France Travel Planner by Tom Brosnahan & Jane Fisher   Tides at Mont St-Michel, France
The highest tides in Europe are found at Mont St-Michel in Normandy, adding to the mystery and beauty of the site—and also to the danger.

Low tide at Mont St-Michel, France
Lots of room for fun
at low tide...

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Each month the tides at Mont St-Michel have periods when they are extreme, and a few times each year they are dangerous.

On about half of the days each month, extreme high tides almost turn the mountain into an island, while extreme low tides mean you'll need to squint off into the distance to convince yourself that there really is water in the Bay of Mont St-Michel.

It is essential that anyone visiting Mont St-Michel be aware of the tides and plan accordingly, particularly if and when you walk on the sand around the island. There can be a difference of 15 meters (50 feet) between low and high tide!

On about a dozen days of the year, the tides can be so extreme as to be dangerous, and they can change quickly. When wet, the sand can be unstable and a person can sink into it like quicksand, drowning as the tide rushes in.

High vs Low Tides

We have visited at times of extreme high tides and a time when we never saw any water around the island. Each has its appeal for the visitor.

Low, Low Tide

When the island is surrounded by sand, you canwalk all the way around it, seeing the Abbey, the walls, and other buildings from unusual vantage points. You can also participate in guided walks farther out on the sand to see the surrounding area.

Low tide at Mont St-Michel, France
Low tide: where'd all that water go?

High, High Tide

The highest tides tend to be after the full and new moons, so if you want to experience them, plan your visit accordingly.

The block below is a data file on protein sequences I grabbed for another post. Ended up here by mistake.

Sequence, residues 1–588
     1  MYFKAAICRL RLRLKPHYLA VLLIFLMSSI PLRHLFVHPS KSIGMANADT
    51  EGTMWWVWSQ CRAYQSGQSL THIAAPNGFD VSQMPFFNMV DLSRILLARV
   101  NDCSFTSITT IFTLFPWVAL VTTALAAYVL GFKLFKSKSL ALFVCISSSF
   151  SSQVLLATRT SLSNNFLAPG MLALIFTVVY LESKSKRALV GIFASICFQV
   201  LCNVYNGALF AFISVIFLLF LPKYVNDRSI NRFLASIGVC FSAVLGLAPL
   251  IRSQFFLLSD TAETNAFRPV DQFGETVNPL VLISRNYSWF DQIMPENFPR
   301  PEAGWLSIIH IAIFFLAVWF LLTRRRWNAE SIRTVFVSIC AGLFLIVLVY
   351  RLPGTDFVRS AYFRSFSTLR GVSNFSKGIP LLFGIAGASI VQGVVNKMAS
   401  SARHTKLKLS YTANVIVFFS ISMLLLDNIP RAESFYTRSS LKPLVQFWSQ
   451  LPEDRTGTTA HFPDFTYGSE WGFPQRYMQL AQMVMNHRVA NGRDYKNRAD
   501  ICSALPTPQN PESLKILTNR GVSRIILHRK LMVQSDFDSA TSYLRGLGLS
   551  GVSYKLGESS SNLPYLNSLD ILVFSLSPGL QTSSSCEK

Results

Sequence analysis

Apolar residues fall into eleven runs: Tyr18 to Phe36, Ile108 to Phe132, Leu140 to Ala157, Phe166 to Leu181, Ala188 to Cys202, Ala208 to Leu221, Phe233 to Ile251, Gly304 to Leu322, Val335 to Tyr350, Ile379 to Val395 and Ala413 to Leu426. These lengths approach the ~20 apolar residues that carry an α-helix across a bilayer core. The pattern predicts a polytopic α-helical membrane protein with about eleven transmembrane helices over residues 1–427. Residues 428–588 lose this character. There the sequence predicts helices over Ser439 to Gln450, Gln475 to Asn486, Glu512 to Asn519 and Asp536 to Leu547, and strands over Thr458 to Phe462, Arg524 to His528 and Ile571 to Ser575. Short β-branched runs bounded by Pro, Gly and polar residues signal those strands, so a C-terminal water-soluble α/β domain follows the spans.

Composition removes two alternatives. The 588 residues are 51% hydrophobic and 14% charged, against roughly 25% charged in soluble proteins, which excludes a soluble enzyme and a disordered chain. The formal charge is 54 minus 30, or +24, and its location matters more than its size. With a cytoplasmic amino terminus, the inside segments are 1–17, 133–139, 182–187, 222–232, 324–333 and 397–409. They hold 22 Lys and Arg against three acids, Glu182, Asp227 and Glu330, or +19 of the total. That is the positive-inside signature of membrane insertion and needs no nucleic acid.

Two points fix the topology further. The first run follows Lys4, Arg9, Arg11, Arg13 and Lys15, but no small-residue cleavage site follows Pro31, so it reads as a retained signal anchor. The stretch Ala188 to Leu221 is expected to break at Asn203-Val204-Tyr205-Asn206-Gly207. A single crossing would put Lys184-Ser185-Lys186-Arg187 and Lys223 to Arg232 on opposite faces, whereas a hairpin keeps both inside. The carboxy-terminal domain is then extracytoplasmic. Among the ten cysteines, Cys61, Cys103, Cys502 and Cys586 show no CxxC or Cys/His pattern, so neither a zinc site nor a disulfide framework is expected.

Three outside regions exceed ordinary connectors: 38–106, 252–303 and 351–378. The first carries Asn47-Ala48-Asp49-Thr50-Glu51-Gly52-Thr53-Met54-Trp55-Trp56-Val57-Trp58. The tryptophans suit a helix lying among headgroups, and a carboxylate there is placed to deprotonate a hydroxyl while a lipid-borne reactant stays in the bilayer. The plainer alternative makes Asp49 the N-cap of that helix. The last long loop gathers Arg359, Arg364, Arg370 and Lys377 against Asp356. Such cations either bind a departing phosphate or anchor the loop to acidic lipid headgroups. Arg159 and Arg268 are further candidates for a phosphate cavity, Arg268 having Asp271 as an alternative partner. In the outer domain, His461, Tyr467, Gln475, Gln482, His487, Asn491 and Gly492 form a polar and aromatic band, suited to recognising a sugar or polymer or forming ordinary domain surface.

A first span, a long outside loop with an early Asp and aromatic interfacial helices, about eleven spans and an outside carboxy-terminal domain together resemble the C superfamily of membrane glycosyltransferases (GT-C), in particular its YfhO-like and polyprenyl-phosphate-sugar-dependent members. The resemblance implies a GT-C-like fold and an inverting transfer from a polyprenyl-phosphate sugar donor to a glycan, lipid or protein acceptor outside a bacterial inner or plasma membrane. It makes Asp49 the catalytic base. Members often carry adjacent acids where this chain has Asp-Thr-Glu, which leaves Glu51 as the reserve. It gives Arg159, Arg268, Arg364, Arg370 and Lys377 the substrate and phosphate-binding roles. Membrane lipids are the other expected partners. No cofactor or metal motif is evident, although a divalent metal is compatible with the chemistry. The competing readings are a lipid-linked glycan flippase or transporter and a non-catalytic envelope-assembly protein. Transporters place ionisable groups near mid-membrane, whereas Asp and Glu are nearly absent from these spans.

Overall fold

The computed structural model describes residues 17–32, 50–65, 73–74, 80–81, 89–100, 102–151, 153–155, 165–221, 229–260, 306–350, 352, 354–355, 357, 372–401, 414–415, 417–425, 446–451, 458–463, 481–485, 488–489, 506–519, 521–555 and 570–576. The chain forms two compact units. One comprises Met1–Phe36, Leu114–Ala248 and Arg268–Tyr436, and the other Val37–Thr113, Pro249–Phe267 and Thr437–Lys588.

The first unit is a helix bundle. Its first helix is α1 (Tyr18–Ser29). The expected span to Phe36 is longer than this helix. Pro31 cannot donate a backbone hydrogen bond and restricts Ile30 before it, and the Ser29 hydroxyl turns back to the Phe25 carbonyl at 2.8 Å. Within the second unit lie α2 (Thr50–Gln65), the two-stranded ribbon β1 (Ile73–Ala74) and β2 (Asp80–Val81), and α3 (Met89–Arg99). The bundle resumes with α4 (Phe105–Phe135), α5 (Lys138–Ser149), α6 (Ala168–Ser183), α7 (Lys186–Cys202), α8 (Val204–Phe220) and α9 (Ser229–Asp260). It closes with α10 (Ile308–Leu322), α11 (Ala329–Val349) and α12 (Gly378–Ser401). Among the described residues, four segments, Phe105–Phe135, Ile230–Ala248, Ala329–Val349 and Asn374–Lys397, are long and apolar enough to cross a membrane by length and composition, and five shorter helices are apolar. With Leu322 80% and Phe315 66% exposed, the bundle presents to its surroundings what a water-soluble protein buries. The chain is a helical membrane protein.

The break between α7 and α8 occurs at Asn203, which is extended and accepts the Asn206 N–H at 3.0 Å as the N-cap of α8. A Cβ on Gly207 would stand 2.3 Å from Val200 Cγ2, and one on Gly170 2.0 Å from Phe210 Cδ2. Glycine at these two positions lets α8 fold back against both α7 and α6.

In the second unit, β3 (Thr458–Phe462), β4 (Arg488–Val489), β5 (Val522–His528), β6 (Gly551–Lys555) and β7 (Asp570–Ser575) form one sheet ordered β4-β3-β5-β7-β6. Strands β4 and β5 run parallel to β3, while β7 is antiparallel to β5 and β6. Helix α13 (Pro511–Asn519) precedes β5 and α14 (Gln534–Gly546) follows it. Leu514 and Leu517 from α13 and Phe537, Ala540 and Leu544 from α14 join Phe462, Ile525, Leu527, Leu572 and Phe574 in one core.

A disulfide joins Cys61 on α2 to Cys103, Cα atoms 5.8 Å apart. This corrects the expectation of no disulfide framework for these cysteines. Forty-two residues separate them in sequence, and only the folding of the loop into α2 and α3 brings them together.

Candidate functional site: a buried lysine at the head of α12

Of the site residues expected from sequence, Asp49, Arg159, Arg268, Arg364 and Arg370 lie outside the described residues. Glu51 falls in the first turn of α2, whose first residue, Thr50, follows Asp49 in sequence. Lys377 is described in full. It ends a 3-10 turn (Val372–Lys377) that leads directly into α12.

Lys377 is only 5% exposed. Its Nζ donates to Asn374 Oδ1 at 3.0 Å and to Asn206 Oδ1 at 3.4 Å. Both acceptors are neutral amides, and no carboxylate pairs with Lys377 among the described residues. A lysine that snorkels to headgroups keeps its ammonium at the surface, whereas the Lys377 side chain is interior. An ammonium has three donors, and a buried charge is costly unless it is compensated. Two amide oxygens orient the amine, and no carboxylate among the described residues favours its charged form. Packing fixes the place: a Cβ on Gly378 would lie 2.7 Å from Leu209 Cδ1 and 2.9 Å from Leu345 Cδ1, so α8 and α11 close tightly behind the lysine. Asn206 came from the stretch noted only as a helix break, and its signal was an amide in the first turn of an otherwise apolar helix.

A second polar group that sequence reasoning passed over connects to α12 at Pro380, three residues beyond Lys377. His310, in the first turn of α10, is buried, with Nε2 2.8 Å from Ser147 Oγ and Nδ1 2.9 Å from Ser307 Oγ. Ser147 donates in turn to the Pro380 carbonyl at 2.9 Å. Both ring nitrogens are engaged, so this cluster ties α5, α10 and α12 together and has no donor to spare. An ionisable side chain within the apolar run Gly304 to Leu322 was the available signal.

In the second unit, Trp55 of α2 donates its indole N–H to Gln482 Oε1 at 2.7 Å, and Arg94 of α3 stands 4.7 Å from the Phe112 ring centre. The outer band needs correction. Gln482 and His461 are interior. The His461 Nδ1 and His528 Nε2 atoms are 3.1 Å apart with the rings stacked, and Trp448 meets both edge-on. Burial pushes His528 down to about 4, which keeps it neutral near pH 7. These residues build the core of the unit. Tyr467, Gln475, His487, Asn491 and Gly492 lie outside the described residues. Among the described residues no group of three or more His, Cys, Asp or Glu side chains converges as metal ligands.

Mont St Michel tide warning


"Caution: Today this area will be covered by the sea!"

At the time of high tide, it is also dramatic to stand near the entrance to the Grande Rue of Mont St-Michel and watch the water rise, inundating the entrance, allowing the police at the Gendarmerie Nationale to set out in their small boat and circumnavigate the entire island to check on visitor safety, and even prompting surfers and sailboarders to launch their craft.

You have to decide if you're going to stay on the island or on the causeway for the duration of the highest tide, because once the tide is full you'll be stuck in one place or another for a while. The high tide we experienced was early in the morning, and many people joined us on the causeway to experience it.

Mont St-Michel at high tide
Mont St-Michel at high tide, with water completely surrounding the island. Quite a contrast to the picture above right, with no water!

Local Information on Tides

The Office du Tourisme publishes the times and heights of the tides, both on their website and at the Office itself. More...

The Office also has information on the timed release of water from the dam.

If you are interested in the ecology of the Baie of Mont St-Michel, you might want to visit the ecomusée near Avranches.

Click here for tide information from the Office du Tourisme.

Ecological Concerns

Over the years, the previous causeway allowed accumulations of silt around Mont St-Michel, and the area's maritime ecology was degraded. Recent efforts to restore the maritime heritage now allow the sea to move freely around the site. A new dam provides controlled filling and release of water designed to reduce silting and protect the environment and the new ecologically-beneficial approach-causeway to the island.

About Mont St-Michel

What to See and Do

Office du Tourisme

The Dam at Mont St-Michel

Parking at Mont St-Michel

Abbey of Mont St-Michel

Walks at Mont St-Michel

Photography at Mont St-Michel

Restoration Project

About Avranches

About Normandy


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Surrounded by a sea of sand at Mont-St-Michel, France

Above, surrounded by a sea of sand
at low tide at Mont St-Michel.

Dam at Mont St-Michel

Rushing tidal waters at the dam at Mont St-Michel.

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